The Ballet Class is an oil on canvas painting by Hilaire Germain Edgar Degas, and was created approximately in the year 1880. This painting portrays two distinct groups of young female dancers in various arrangements and poses. In the upper left hand corner of the painting, a young ballerina wearing a yellow bow on her tutu performs an arabesque on pointe, while two other dancers practice their port de bras (arm positioning) in the floor-length mirror behind her. The mirror seems to open up the composition. An older female chaperone wearing a straw hat sits in a chair reading (possibly a newspaper) in the foreground. Two dancers are to the right of the chaperone. One dancer with really long hair is stretching her foot, and she is wearing a green bow on her tutu. The dancer to the right of her is adjusting the shoulder part of her costume with her left hand, and she has a reddish pink bow on her tutu. Half of the latter dancer's body is cut off at the edge of the painting. The entire center portion of this painting is deliberately left empty. The clusters of dancers are also on diagonals. A faint diagonal line is even visible in this painting. The wall is a vivid yellow, mirroring the bow on one the dancer's tutus. The Ballet Class almost appears to be two separate paintings fused together in the middle. The only thing that marries the two halves is the dark figure of the balding male teacher standing with the dancers on the right, and watching the dancers to the left. Like many of Degas" art works, the ballerinas shown in this painting are not actually performing, but they are shown in their natural environment of a dance classroom. .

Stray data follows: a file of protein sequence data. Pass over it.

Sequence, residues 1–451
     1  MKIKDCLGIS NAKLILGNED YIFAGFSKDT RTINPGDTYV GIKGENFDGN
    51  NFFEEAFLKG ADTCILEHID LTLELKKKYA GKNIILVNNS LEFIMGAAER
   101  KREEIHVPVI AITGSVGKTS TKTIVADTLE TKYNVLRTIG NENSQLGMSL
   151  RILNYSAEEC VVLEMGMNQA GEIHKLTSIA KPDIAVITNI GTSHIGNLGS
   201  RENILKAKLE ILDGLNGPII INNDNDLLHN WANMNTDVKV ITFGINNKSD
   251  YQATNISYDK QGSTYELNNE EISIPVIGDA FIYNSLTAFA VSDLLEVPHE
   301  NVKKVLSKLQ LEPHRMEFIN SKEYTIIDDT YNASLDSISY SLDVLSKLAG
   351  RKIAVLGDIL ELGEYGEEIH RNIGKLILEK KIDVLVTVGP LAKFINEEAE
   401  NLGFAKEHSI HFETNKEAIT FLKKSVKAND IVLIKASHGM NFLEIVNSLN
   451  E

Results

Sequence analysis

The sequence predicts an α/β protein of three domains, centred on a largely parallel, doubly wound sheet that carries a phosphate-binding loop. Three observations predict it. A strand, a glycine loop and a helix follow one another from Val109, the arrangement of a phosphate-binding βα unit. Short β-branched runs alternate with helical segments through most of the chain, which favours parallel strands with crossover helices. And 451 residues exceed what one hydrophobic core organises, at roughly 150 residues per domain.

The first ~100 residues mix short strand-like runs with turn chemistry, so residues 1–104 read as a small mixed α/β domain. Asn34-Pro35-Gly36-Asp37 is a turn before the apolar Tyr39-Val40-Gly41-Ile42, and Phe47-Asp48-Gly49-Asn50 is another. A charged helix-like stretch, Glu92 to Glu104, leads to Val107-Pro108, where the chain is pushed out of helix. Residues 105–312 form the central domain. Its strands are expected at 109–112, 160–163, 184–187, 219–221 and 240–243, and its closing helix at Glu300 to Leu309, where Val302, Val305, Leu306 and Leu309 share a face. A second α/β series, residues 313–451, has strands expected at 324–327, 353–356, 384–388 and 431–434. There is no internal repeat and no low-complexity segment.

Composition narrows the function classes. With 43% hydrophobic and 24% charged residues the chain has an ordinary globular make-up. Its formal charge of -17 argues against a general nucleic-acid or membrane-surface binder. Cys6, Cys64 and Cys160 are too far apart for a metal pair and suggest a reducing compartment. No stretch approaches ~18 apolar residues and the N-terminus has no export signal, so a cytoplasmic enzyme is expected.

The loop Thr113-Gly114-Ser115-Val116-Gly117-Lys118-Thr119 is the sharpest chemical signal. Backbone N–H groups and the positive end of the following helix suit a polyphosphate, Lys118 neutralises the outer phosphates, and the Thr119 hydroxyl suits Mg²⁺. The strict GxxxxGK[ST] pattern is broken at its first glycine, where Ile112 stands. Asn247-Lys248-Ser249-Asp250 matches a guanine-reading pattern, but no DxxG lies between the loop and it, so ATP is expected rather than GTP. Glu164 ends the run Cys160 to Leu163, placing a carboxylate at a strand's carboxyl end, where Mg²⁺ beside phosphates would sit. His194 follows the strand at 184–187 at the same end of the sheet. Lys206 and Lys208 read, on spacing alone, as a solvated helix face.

For the most part, the colors in this painting are somewhat muted, with the exception of the bows on the dancers" tutus and the bright yellow wall, which stands in stark contrast to the rest of the painting. The only dark colors in The Ballet Class are worn by the adults: the blackish gray outline of the male teacher, and the long dark blue dress that the chaperone is wearing.